Up until last year, I confess that everything I knew about Ukraine could have been written on a teaspoon. The short list didn’t exactly carry warm thoughts either: former Soviet republic, Chernobyl ground zero, target of illegal Russian land grabbing, weather fit for an Ice King (a quick Google weather search just revealed that it’s a balmy -10° in Kiev as I type this).
It was through an auspicious encounter with two Ukrainian refugees, both also named Natalia to score high on the coincidence meter, that I started to associate Ukraine with warmer things that offered comfort and uninterrupted slumber. Indeed, comfort food goes by the name of borshch and guylash and farshmak, just a few of the traditional Ukrainian dishes I got to taste while working with these two Natalias.
Natalia Tsivenko and Natalia Oleksovych are two lovely mothers and home cooks who have worked closely with the Project Chefugee team in organising two pop up dinners and most recently, a cooking class with Soeasytocook.com. In between sharing with us famished guests their rich culinary tradition, they told us their heartbreaking personal stories about leaving their home.
“I still don’t know exactly why the war reached my village,” said Natalia T., who was separated from her family when she first fled Ukraine to seek asylum in Spain.
The chances of them moving back home in the near future are pretty bleak, but they have adjusted pretty well to life in Madrid (and Natalia T. has even reunited with her family here). I asked them what Spanish food they liked.“¡Tortilla…y jamón!” they said (but then again, who doesn’t like jamón?). They did admit however, that they weren’t overly keen on Spanish food, and just like any immigrant/ expat/ refugee/ transplant or any permutation of the words “adoptive citizen”, they really missed the food from their home country.
Dill with it
During the cooking class the Natalias taught us students, many a guiri, some Ukrainian cooking 101, starting with how to prepare borshch, or beet soup, which required us peeling and grating beets until our hands literally turned red. I think that what gave it a distinct aroma and wonderful taste was the fresh dill (or in Spanish, eneldo), a bunch of which was chopped and added on to the pot. I realised then that Ukrainians love using heaps of dill in their food, remembering the dill spread they prepared at the last pop up dinners.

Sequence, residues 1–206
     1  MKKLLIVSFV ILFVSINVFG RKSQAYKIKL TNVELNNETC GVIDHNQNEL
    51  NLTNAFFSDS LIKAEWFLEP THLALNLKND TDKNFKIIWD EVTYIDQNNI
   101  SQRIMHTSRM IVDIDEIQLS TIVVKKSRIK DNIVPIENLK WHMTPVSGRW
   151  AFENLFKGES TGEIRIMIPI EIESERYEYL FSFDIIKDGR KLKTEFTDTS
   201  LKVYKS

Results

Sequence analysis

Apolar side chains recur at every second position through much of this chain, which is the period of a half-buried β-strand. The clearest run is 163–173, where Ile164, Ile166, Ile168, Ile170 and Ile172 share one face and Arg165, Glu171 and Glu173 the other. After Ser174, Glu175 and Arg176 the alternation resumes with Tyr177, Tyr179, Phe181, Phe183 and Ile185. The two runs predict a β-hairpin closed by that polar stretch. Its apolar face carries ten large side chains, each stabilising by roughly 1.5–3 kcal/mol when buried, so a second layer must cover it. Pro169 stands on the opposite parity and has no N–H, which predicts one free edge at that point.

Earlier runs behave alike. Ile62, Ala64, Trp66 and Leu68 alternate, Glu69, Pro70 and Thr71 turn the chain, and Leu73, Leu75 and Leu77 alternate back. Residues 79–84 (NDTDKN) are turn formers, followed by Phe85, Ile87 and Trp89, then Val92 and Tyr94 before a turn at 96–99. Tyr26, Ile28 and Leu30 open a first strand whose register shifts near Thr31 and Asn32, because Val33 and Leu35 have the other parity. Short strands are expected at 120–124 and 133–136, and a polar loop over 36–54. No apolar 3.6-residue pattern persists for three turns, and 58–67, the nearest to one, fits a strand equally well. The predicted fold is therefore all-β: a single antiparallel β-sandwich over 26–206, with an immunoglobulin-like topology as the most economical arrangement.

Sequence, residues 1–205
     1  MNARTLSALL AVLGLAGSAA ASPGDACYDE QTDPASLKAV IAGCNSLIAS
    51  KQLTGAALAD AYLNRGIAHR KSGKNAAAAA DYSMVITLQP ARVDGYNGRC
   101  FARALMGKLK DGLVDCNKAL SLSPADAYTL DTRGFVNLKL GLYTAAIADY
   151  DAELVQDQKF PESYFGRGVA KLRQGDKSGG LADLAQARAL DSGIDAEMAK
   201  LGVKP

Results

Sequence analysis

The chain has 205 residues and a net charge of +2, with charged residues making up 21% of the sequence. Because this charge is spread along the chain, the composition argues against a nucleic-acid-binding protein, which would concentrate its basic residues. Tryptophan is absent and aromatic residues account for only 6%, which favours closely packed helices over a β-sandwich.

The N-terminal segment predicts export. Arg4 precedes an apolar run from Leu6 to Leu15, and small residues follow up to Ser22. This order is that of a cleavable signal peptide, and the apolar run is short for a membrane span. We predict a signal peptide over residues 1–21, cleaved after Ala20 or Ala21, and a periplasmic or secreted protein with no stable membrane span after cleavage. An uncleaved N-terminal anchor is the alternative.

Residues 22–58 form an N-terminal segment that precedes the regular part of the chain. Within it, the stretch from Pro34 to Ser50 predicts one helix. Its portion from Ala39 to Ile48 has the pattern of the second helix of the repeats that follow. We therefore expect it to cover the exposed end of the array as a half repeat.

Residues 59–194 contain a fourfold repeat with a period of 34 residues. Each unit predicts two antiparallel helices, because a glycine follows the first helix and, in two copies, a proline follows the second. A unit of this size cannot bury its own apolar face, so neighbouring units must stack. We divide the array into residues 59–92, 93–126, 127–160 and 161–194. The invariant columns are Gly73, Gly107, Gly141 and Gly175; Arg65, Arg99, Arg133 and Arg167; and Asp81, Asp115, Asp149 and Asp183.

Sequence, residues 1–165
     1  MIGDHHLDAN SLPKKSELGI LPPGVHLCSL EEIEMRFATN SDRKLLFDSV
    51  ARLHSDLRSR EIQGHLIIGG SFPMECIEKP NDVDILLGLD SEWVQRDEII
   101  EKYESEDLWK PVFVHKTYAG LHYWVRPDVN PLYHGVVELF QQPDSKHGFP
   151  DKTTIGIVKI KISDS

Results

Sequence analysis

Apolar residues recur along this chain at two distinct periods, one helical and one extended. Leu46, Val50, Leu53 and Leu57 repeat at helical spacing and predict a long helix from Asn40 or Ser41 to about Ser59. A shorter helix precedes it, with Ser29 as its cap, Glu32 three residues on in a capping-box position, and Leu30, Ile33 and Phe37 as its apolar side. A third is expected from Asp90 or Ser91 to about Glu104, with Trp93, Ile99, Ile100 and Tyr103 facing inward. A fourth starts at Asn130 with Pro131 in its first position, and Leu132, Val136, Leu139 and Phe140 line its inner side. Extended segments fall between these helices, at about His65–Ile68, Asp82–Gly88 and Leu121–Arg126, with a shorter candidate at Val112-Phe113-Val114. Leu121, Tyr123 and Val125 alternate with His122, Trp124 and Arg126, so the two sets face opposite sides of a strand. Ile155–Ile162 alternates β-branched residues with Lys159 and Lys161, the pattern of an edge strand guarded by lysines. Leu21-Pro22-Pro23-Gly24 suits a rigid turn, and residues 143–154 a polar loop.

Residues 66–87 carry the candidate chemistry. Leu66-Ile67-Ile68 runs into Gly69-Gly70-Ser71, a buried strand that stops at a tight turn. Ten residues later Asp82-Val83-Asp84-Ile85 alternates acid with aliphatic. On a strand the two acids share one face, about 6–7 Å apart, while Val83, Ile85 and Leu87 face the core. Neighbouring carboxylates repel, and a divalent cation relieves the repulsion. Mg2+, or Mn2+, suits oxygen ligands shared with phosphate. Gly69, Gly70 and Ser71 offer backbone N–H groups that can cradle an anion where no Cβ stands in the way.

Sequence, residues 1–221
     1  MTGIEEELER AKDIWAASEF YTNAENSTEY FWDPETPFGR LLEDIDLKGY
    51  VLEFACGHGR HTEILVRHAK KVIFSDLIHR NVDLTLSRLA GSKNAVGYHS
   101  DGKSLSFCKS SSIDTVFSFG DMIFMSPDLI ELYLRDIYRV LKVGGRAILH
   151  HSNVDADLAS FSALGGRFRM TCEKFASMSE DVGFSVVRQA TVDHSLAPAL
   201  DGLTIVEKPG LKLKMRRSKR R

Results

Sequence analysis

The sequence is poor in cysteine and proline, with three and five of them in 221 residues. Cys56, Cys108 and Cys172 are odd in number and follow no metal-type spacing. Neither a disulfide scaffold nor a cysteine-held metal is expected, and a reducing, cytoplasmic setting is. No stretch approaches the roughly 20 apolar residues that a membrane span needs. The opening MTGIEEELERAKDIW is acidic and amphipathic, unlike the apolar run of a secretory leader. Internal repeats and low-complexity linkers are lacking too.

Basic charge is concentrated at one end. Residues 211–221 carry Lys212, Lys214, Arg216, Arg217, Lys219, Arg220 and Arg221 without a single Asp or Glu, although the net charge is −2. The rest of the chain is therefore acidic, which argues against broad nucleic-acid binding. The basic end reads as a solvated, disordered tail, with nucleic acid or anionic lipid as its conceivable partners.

We were also introduced to grechca, which is a kind of buckwheat that I suspect would seduce any quinoa-loving hipster. Preparing it was quite simple, and similar to cooking couscous, by adding it to boiling water and salting it a bit until the buckwheat groats absorbed all the water. On the next stove, a slow-cooking beef guylash or beef stew was simmering in onions, garlic and paprika.
Sans pressure cooker, the slow cooked meals needed at least 2 hours to be ready, and we had all worked up a ravenous appetite by ten o’clock PM. As the Natalias were serving us hefty plates, I felt like a leopard that had just ended its hunger strike, ready to sink its teeth into a wildebeast.
To say that it was excellent would be doing it a disservice. Echoing my friend and colleague Felicia’s words, “Gurllll, this is so good it’s ridiculous!” It was an amazing, wonderful, hearty meal, made even more special knowing that sharing it together brought a little piece of home to two homesick Ukrainian ladies.
Hungry for more? Check out the recipes of borshch and grechca con guylash here